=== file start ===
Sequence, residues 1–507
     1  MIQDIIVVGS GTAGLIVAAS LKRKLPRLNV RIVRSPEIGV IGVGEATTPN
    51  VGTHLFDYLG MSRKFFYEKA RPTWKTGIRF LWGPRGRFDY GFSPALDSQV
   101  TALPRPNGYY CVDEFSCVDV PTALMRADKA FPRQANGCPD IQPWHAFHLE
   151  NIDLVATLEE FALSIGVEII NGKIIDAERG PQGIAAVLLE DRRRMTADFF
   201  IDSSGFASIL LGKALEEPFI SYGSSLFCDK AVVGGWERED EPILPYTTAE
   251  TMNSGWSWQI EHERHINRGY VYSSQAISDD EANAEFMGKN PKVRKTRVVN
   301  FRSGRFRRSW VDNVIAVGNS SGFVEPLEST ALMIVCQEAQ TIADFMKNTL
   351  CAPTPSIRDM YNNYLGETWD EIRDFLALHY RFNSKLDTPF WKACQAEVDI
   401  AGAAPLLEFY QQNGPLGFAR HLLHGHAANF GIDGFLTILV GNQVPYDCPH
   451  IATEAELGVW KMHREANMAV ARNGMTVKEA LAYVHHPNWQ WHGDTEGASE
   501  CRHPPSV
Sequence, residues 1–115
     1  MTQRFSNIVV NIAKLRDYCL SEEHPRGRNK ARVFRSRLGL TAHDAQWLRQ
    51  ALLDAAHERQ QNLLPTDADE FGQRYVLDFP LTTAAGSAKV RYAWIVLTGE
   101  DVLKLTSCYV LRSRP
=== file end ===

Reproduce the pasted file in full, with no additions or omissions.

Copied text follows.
Sequence, residues 1–507
     1  MIQDIIVVGS GTAGLIVAAS LKRKLPRLNV RIVRSPEIGV IGVGEATTPN
    51  VGTHLFDYLG MSRKFFYEKA RPTWKTGIRF LWGPRGRFDY GFSPALDSQV
   101  TALPRPNGYY CVDEFSCVDV PTALMRADKA FPRQANGCPD IQPWHAFHLE
   151  NIDLVATLEE FALSIGVEII NGKIIDAERG PQGIAAVLLE DRRRMTADFF
   201  IDSSGFASIL LGKALEEPFI SYGSSLFCDK AVVGGWERED EPILPYTTAE
   251  TMNSGWSWQI EHERHINRGY VYSSQAISDD EANAEFMGKN PKVRKTRVVN
   301  FRSGRFRRSW VDNVIAVGNS SGFVEPLEST ALMIVCQEAQ TIADFMKNTL
   351  CAPTPSIRDM YNNYLGETWD EIRDFLALHY RFNSKLDTPF WKACQAEVDI
   401  AGAAPLLEFY QQNGPLGFAR HLLHGHAANF GIDGFLTILV GNQVPYDCPH
   451  IATEAELGVW KMHREANMAV ARNGMTVKEA LAYVHHPNWQ WHGDTEGASE
   501  CRHPPSV
Sequence, residues 1–115
     1  MTQRFSNIVV NIAKLRDYCL SEEHPRGRNK ARVFRSRLGL TAHDAQWLRQ
    51  ALLDAAHERQ QNLLPTDADE FGQRYVLDFP LTTAAGSAKV RYAWIVLTGE
   101  DVLKLTSCYV LRSRP